Tracking Participants

    • At enrollment participant complete locator form – working document of all info to help find someone including:

      • Demographic & identifying info

      • Relatives, info from multiple people at different locations

      • Professional contacts for contact info

      • Incidental contacts

        • e.g., where one goes when out of money, or hungry, or where one sleeps when homeless


    Tracking participants1

    Tracking Participants

    • Working document

      – update every time contact participant

      - indicate helpful & unhelpful info

      - offer incentive for participant to contact researchers with change of info

    • Computerized system to generate timely lists for follow-up data points


    Monitor recruitment

    Monitor Recruitment

    • Use track system, monitor recruitment to ensure accruing sample to meet timely projections

    • Big push late in study resulting in non-completers of intervention &/or outcomes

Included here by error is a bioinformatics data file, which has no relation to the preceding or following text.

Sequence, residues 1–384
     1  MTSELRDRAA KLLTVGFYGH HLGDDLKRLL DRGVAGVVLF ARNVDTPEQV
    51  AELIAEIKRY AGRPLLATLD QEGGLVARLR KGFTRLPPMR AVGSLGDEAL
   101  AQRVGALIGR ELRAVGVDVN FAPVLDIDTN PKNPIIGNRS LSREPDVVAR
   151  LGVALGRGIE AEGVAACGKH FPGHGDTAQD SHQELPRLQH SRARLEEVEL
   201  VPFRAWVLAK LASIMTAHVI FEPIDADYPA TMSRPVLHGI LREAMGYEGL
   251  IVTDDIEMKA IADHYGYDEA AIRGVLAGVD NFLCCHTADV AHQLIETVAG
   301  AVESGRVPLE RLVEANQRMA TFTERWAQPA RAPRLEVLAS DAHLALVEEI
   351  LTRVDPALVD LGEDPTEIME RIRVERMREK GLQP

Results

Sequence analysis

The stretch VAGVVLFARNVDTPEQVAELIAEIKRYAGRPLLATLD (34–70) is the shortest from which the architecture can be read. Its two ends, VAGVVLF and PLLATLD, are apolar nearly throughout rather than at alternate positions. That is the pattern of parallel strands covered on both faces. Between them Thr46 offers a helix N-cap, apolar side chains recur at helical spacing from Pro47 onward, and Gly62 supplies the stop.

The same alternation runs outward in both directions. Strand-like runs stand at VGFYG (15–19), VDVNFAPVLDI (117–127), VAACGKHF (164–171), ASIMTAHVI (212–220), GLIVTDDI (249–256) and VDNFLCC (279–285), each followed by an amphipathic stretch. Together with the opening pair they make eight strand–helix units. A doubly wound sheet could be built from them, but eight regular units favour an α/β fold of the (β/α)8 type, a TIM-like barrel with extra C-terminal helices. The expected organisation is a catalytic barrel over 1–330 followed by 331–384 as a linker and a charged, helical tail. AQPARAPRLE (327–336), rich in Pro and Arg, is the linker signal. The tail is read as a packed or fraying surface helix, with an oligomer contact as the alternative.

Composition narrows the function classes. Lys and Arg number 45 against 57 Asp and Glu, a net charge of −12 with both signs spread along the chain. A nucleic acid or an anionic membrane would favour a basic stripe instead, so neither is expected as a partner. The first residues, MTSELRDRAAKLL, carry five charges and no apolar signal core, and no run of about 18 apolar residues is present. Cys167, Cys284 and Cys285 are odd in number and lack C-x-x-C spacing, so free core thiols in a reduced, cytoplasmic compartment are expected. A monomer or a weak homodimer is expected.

• Relying totally on providers is usually ineffective

    • Creative means to control recruitment within confidentiality & legal policies

    • Remember providers usually do not want responsibility for recruitment


    Referral process

    Referral Process

    • Providers make referrals, but best they not do eligibility determinations or consents

    • Providers obtain Release of Information form from potential eligible participants

    • Provider referrals based on easily observable or obtainable criteria (using system categorization), & casting wide net

      • Lessens burden on providers

      • Providers more likely to do


    Ensuring participant retention in research

    Ensuring Participant Retention in Research

    • Collect complete locator info at study entrance

    • Inform participants when they will be followed up

    • Review locator information at subsequent data collection points

    • Offer adequate incentives

    • Employ effective research data collectors


    Ensuring participant retention in research1

    Ensuring Participant Retention in Research

    • Document all follow-up activities in detail

    • Exploit contact information obtained

    • Reasonably accommodate participant for follow up data collection

    • Allocate enough resources for travel

    • Allow ample time for tracking down participants


    Ensuring participant engagement in intervention